“We all have trouble adjusting at times. You need to just stick with it.” My words sounded good in my head, but came out hollow, almost patronizing. I felt rushed. I thought I heard The Most Beautiful stirring.
“Listen to me. It will work out. Stay with your family. You need them now, maybe more than ever. They need you.”
Helen’s stare was fixed on the rug. She twisted her shoe from side to side, working her toe deeper into the stain, and the stain deeper into the fibers.
“Listen, we don’t have much time. Please talk to me. Help me understand.” I felt like I was examining the brush strokes of a life-sized painting, instead of having a conversation with a living person.
The coffee pot churned. “Helen, there are therapists, people who are trained in whatever you’re struggling with. There’s medication. Don’t be ashamed to ask for help.”
Helen lifted her hands from her purse and turned them over. I wasn’t sure if she wanted to show me her open palms, or if she needed to see them for herself. I reached across the table and slid my fingers across her palm.
Her hand closed on mine. Her grip was tight. Only then did she look up at me. Helen opened her lips to speak but didn’t. The coffee pot stopped making noise. The morning coffee was ready.
“It’s OK,” I said. “You can talk to me. I’m here. I want to help. Tell me what’s wrong. What is your secret?”
“Vincent,” Helen said in a voice so loud that it startled me. Then she screamed her husband’s name over and over. I don’t mean she spoke it in a loud voice.
Helen screamed her husband’s name in the most visceral and horrific way, so much so that I have no recollection of standing or moving away from the kitchen table, or of letting go of her hand.
I found myself crouched in the corner next to the stove, as if an intruder had broken into my home and attacked me. Mr. McHale ran into the room, as pale as yesterday’s clown suit. As soon as Helen saw her husband, her voice returned to normal. Helen’s countenance changed back to her normal pleasant expression.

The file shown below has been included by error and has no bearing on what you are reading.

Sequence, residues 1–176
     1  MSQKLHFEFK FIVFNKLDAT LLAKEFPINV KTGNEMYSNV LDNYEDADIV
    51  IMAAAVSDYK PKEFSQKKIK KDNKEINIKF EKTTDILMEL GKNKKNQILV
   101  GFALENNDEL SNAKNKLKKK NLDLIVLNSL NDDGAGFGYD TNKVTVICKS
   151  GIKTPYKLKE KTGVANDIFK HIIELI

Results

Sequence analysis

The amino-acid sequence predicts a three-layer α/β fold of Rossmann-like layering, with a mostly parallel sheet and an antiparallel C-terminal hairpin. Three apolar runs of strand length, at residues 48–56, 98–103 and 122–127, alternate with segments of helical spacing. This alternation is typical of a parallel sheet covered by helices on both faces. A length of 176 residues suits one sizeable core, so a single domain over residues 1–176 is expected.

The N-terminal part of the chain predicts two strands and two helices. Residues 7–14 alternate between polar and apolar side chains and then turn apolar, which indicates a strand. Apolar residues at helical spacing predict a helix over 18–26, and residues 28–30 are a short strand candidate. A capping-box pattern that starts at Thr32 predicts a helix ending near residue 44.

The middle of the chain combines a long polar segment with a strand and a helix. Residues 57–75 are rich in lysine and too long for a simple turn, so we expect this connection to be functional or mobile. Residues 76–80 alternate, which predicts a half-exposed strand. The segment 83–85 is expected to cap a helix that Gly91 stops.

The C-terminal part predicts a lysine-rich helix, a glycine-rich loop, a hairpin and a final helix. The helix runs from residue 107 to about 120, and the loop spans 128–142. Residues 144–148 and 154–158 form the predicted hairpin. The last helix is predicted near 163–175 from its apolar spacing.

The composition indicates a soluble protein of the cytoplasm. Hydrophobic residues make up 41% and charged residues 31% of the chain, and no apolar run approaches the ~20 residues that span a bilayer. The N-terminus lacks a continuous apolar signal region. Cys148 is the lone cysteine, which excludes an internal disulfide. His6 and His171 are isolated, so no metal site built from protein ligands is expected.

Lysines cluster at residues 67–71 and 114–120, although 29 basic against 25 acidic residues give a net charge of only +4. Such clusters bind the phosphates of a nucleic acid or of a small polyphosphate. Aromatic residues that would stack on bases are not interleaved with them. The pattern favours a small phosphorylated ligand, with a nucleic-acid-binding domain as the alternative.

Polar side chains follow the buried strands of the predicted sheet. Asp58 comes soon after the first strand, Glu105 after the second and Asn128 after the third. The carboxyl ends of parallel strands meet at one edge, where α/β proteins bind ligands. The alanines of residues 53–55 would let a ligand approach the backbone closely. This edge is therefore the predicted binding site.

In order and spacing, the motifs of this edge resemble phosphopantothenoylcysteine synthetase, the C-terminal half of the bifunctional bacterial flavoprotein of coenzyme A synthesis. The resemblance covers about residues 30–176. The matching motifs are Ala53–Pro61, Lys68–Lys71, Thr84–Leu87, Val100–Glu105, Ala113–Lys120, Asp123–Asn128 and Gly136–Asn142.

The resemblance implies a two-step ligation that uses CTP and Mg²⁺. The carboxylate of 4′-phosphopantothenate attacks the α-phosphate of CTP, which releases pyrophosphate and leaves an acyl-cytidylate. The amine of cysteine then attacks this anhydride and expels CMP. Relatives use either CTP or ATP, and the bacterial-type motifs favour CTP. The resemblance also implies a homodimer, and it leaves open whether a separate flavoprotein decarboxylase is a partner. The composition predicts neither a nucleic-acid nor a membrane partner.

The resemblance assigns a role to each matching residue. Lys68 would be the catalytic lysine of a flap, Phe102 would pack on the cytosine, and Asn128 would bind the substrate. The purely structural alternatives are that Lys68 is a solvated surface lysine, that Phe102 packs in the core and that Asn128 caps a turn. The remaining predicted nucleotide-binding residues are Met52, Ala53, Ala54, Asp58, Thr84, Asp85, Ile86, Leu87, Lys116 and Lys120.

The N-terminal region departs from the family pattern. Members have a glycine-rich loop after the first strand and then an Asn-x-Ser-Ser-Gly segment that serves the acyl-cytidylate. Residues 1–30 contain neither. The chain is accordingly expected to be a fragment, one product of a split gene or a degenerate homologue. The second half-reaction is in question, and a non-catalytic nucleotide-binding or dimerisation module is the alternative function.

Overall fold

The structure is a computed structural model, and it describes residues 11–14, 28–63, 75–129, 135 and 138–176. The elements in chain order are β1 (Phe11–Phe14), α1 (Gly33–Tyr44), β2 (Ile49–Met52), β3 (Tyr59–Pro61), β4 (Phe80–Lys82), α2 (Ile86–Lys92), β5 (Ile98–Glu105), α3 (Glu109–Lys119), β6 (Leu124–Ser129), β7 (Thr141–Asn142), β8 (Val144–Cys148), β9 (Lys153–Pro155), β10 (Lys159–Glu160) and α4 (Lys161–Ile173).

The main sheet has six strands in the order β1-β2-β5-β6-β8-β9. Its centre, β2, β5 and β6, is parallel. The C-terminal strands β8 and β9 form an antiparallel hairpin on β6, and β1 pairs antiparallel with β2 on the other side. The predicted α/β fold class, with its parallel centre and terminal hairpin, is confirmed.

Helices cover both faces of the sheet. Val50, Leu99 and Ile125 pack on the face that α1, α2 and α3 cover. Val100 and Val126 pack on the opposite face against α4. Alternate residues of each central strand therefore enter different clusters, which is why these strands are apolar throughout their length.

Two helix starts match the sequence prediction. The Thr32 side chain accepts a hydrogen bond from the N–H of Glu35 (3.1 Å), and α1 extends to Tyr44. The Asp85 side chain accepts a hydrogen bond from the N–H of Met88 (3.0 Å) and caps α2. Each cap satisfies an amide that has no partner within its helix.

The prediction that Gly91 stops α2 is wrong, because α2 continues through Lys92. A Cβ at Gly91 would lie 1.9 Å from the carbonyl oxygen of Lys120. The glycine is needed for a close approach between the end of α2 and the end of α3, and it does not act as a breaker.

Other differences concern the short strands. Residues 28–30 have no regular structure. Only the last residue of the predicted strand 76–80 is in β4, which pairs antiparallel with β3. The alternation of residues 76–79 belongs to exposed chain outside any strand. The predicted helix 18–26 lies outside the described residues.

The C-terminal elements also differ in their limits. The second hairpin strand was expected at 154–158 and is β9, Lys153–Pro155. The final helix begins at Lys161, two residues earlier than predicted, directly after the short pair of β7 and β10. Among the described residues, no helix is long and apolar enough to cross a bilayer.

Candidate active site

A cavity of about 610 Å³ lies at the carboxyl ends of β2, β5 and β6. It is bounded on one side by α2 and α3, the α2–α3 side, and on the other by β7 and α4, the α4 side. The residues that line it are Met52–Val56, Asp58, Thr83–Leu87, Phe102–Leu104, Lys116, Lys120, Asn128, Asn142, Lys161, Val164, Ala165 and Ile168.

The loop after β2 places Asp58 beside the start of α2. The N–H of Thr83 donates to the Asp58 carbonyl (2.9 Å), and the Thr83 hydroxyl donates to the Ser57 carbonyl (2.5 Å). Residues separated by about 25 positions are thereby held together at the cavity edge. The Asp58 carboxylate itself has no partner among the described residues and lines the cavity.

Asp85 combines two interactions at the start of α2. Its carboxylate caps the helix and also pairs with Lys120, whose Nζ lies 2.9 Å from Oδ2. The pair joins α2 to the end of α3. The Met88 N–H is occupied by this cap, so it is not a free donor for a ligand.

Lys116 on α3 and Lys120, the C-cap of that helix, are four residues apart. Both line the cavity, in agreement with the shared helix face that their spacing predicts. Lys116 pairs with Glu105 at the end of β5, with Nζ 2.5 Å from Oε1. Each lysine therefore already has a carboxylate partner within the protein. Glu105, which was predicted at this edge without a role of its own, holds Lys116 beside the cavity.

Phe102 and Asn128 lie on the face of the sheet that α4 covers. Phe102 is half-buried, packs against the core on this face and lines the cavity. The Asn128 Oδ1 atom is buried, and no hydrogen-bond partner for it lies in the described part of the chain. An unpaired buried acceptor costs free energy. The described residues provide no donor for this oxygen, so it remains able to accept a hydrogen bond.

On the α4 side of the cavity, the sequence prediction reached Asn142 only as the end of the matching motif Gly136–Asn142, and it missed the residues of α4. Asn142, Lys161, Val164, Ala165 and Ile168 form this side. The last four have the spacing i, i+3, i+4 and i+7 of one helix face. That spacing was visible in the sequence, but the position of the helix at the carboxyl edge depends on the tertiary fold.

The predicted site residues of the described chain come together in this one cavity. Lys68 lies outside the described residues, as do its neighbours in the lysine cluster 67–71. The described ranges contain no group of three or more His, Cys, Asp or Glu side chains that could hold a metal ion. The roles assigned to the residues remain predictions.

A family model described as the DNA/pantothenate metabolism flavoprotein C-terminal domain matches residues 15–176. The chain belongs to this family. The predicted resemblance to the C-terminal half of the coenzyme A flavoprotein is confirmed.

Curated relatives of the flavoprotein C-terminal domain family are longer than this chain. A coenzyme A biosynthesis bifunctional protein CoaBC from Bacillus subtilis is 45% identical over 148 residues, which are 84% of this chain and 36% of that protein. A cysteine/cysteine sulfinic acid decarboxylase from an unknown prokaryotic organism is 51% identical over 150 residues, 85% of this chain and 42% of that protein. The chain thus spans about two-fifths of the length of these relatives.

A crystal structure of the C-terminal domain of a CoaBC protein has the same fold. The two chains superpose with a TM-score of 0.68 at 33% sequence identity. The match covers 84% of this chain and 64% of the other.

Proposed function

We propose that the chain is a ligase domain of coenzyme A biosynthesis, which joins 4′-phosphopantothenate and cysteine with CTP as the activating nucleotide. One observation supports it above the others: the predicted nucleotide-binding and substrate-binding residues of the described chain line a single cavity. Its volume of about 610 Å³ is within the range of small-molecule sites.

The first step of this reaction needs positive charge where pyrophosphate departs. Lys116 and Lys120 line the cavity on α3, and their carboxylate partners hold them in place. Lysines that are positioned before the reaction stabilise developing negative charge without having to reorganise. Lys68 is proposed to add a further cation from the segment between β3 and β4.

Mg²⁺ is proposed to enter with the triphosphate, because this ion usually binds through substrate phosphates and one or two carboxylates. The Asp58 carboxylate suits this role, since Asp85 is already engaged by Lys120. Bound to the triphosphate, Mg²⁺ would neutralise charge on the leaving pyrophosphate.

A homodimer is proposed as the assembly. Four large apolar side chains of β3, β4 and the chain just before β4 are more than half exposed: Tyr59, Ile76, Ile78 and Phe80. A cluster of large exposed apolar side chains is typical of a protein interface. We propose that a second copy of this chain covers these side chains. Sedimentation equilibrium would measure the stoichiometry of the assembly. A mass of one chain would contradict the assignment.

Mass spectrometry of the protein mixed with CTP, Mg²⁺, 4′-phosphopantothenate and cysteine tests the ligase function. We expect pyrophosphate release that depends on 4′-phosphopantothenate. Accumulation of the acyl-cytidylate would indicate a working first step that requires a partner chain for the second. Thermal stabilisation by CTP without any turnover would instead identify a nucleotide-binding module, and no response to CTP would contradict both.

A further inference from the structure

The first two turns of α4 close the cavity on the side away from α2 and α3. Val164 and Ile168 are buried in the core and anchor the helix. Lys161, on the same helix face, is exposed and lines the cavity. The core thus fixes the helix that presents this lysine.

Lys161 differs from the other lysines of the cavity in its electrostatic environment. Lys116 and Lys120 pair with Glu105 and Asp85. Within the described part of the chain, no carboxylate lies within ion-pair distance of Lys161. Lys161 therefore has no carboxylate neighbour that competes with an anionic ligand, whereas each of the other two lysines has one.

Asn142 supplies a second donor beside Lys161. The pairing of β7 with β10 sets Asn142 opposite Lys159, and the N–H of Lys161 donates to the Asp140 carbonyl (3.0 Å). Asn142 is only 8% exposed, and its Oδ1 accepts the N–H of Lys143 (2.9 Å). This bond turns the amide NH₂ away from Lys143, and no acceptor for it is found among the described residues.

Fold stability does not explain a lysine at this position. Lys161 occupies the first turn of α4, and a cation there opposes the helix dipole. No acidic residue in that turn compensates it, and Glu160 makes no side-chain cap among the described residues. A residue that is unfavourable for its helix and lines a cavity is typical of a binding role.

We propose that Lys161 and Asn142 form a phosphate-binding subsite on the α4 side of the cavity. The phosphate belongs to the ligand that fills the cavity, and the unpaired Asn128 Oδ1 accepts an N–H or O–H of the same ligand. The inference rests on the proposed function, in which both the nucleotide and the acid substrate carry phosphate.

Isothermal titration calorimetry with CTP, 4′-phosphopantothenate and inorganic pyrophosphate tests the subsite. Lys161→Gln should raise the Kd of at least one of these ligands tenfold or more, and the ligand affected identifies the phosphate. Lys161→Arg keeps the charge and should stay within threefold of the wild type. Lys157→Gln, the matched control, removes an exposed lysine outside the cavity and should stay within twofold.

In a literal instant, Helen had gone from expressionless to horrified. She was terrified of me, or something I represented, or something I had said. Then just as quickly, she had become Mrs. McHale again.
“Vincent, I want you to know that this man has upset me,” she said without emotion. “He, he, touched me. I will be leaving now. You and the girl may go or stay. Your choice.”
I looked past Mr. McHale to the small ball of humanity on the sofa behind him. I fully expected The Most Beautiful to be in the fetal position, rocking back and forth, as terrified as I was. Instead, she was fully awake but laying as she had been when I covered her body. Eyes open, fingers gripping the parade necklace.
How much had The Most Beautiful heard? I don’t mean our private kitchen conversation, or her mom’s outburst. I mean throughout her young life. I wondered about things like that.
I left my place without looking back, afraid of what I would see or not see. I spent the rest of my time in 1930 walking almost aimlessly in the cold. That is, until I came upon a marvelous merge of engineering and manual labor, the best combination of both.
1930 would be an unforgettable year of progress and of hope for the city.